The year 1974 was one year before Hyundai Motor, then a tiny carmaker, built the first Korean-developed automobile, Pony.
The hatchback compact car opened the door for Hyundai to grow, but on the other hand, most of it was not made in Korea.
Pony originated from Hyundai Motor, now the world’s fifth-largest carmaker, but the car itself was a mere collaboration of foreign technology and funds at that time, with a design from Giorgetto Giugiaro of Italdesign, transmission and engine from Mitsubishi, machine press from France and funds from Barclays Banks.
After the launch of Pony, the mission Park faced was clear: Create the design identity and originality of the South Korean carmaker.
But there was nothing to learn about automobile design in Korea, simply because there was no such course available. Park left for the Royal College of Arts for a yearlong course -- his first proper education on car design. He was the first Korean to attend the British school.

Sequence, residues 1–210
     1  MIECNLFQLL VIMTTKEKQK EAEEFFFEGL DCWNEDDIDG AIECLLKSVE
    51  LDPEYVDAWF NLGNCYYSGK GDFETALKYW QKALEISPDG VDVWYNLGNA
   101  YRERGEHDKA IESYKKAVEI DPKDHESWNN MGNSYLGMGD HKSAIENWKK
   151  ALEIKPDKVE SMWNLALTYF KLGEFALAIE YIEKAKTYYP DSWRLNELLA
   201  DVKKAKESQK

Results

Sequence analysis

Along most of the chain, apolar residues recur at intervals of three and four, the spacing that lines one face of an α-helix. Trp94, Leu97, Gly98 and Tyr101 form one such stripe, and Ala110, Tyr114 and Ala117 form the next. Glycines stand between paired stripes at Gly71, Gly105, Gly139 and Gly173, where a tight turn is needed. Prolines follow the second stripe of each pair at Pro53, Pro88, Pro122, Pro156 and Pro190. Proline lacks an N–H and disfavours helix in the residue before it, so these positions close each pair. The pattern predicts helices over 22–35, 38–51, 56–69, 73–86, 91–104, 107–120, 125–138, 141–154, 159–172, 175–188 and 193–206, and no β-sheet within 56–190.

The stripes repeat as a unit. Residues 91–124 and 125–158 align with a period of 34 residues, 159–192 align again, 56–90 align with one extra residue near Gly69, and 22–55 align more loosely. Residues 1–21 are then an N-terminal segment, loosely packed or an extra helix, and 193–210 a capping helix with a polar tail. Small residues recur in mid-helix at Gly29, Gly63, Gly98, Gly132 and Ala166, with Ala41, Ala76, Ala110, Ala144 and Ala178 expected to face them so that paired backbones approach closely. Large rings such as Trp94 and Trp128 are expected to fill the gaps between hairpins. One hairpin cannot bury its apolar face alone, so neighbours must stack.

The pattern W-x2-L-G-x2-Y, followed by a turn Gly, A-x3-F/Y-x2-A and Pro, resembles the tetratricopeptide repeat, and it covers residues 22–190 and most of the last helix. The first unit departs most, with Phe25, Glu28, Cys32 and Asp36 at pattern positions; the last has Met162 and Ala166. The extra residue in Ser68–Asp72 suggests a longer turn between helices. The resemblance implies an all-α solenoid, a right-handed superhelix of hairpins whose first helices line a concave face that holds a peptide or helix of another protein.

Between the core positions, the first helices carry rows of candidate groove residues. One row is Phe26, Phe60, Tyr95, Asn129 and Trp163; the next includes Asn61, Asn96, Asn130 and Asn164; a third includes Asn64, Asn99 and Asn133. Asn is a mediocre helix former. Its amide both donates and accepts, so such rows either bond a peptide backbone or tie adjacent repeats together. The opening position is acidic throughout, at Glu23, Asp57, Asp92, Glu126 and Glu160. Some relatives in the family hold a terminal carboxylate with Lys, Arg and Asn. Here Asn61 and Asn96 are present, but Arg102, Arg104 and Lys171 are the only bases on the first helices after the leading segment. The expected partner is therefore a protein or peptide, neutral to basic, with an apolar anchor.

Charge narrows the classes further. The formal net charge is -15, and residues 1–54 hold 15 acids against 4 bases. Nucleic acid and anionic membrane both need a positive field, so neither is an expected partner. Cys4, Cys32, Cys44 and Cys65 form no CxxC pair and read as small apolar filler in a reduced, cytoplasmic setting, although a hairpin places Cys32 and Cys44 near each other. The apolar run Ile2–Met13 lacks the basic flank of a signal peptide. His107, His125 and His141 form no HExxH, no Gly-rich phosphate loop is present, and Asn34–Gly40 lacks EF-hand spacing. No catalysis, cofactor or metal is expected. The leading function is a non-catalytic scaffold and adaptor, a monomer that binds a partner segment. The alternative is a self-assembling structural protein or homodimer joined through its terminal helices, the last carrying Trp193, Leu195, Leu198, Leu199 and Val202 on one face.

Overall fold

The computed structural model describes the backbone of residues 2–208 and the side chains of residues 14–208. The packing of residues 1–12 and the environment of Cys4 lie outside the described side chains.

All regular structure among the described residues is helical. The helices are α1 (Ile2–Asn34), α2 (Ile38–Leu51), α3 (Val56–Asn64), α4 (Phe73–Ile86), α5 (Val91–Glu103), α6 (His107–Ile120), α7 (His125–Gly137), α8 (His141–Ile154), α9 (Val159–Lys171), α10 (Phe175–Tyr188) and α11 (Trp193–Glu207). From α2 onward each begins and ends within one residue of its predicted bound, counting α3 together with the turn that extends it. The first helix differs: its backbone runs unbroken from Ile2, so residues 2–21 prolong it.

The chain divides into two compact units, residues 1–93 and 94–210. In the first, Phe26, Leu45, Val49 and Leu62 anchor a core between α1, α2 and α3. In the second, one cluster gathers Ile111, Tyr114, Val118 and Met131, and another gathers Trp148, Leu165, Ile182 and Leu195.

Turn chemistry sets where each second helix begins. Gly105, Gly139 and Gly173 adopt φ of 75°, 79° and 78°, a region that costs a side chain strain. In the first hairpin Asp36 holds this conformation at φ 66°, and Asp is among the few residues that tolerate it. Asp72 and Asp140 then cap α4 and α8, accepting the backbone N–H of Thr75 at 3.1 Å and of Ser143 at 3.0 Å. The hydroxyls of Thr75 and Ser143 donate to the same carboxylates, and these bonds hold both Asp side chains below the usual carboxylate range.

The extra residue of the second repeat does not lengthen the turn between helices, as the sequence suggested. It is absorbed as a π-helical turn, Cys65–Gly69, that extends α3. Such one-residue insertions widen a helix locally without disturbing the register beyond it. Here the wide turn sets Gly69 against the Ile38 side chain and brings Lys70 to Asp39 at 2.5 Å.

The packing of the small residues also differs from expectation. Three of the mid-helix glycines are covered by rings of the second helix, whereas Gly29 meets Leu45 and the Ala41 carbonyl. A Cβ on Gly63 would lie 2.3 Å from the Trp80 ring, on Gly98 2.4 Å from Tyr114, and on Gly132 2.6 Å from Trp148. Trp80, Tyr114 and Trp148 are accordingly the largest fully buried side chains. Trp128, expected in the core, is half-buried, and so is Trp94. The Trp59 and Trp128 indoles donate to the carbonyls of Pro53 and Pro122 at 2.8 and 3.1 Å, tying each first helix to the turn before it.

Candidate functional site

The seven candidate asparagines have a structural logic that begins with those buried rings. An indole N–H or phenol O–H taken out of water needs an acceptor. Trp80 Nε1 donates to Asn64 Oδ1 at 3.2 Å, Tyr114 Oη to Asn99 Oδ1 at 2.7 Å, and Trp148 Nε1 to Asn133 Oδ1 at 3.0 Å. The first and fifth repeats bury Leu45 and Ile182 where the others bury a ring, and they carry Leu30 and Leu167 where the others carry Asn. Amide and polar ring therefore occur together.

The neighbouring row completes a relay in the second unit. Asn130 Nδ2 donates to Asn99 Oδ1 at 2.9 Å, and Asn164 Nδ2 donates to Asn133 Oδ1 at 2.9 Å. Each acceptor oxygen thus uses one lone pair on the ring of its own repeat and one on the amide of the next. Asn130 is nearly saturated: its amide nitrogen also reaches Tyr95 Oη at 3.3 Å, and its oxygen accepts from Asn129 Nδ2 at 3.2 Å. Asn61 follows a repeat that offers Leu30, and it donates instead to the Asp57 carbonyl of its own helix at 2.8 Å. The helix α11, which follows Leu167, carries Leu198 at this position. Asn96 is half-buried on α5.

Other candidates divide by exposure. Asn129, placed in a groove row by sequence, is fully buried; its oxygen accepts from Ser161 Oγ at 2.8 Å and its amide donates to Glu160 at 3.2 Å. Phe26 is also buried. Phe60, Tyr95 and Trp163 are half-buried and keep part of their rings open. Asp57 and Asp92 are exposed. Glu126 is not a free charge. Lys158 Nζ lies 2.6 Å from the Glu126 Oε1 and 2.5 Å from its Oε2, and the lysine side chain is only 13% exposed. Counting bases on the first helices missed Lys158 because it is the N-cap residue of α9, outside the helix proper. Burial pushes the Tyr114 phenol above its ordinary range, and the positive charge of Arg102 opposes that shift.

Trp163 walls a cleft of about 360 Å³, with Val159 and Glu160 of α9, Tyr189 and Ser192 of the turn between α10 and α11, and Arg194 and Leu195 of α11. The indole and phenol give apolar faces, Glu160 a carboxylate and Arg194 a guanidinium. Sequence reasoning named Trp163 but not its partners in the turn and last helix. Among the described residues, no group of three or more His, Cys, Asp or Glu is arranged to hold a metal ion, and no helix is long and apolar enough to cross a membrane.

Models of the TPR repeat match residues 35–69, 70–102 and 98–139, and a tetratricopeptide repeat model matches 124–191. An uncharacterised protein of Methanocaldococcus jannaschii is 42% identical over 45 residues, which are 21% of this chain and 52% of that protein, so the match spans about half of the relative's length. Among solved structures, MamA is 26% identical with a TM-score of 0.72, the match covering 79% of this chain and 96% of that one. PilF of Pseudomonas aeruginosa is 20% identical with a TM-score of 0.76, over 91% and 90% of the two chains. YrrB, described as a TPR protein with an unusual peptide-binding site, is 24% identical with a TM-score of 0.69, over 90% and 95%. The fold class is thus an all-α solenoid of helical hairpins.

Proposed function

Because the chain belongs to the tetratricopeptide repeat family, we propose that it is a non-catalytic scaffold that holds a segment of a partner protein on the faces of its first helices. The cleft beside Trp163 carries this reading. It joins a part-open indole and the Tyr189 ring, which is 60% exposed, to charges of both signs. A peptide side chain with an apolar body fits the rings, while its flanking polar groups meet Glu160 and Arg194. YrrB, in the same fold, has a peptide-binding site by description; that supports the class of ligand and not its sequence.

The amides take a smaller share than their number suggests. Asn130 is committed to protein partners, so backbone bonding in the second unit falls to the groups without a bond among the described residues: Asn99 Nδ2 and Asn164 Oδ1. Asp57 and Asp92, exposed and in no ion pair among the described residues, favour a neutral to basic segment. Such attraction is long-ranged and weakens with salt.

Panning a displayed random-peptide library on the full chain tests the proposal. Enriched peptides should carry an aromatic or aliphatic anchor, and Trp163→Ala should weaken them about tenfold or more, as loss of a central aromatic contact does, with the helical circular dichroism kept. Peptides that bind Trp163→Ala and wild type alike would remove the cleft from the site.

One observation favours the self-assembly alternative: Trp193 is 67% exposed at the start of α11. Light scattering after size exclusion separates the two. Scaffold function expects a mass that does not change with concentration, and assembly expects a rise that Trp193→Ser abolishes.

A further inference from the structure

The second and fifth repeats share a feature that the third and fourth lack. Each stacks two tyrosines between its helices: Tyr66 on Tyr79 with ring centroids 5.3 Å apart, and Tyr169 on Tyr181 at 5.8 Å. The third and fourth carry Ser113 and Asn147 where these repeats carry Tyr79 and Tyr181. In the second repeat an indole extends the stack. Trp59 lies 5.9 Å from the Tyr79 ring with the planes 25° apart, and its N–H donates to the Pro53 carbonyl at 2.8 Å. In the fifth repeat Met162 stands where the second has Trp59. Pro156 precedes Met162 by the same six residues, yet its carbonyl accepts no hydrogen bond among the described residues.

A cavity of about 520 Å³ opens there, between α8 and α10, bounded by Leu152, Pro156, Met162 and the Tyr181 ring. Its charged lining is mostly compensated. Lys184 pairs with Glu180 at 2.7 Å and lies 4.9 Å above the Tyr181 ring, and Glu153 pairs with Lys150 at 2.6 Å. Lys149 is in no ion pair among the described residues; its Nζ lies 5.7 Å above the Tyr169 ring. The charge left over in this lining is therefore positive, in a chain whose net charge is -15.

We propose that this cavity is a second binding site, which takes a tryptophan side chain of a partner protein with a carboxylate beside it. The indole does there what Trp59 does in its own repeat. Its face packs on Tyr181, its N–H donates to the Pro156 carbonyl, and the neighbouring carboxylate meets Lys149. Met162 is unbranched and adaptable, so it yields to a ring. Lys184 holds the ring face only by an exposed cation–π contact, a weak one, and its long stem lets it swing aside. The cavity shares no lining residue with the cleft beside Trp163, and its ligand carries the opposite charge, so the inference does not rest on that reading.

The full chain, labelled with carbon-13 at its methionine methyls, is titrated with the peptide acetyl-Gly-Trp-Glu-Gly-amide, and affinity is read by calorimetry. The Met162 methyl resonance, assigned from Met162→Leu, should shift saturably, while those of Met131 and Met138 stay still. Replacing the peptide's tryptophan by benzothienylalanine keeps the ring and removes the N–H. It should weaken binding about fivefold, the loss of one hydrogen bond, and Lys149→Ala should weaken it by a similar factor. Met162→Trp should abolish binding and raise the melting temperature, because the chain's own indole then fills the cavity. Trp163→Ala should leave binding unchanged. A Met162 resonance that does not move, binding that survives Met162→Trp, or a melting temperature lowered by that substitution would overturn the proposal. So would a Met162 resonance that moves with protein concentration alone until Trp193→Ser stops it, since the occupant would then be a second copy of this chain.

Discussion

After years of self-learning, Park’s first design, Hyundai’s Scoupe, hit the market in 1990. However, he was still unsatisfied.
“We felt so embarrassed when we had to present our works at motor shows because everyone participating in the shows were better than us,” he said. “Hyundai was not good enough to take the lead at that time. The carmaker lacked engine technology. … But design was what Hyundai could do better.”
In 1992, his concept car titled “HCD 1,” a two-seat sports vehicle with a bold design, won the best concept car award at the Detroit Motor Show. Feeling more confident, Park successfully presented Tiburon in 1996, another sports car, and the sports utility vehicle Santa Fe in 2000.
Sonata was a hit, helping Hyundai gain more presence in the global market in the 1990s.
In recognition of his contribution to South Korea’s automobile industry, he received a presidential merit in 1993 and the Brass-Tower Industry Prize in 1999.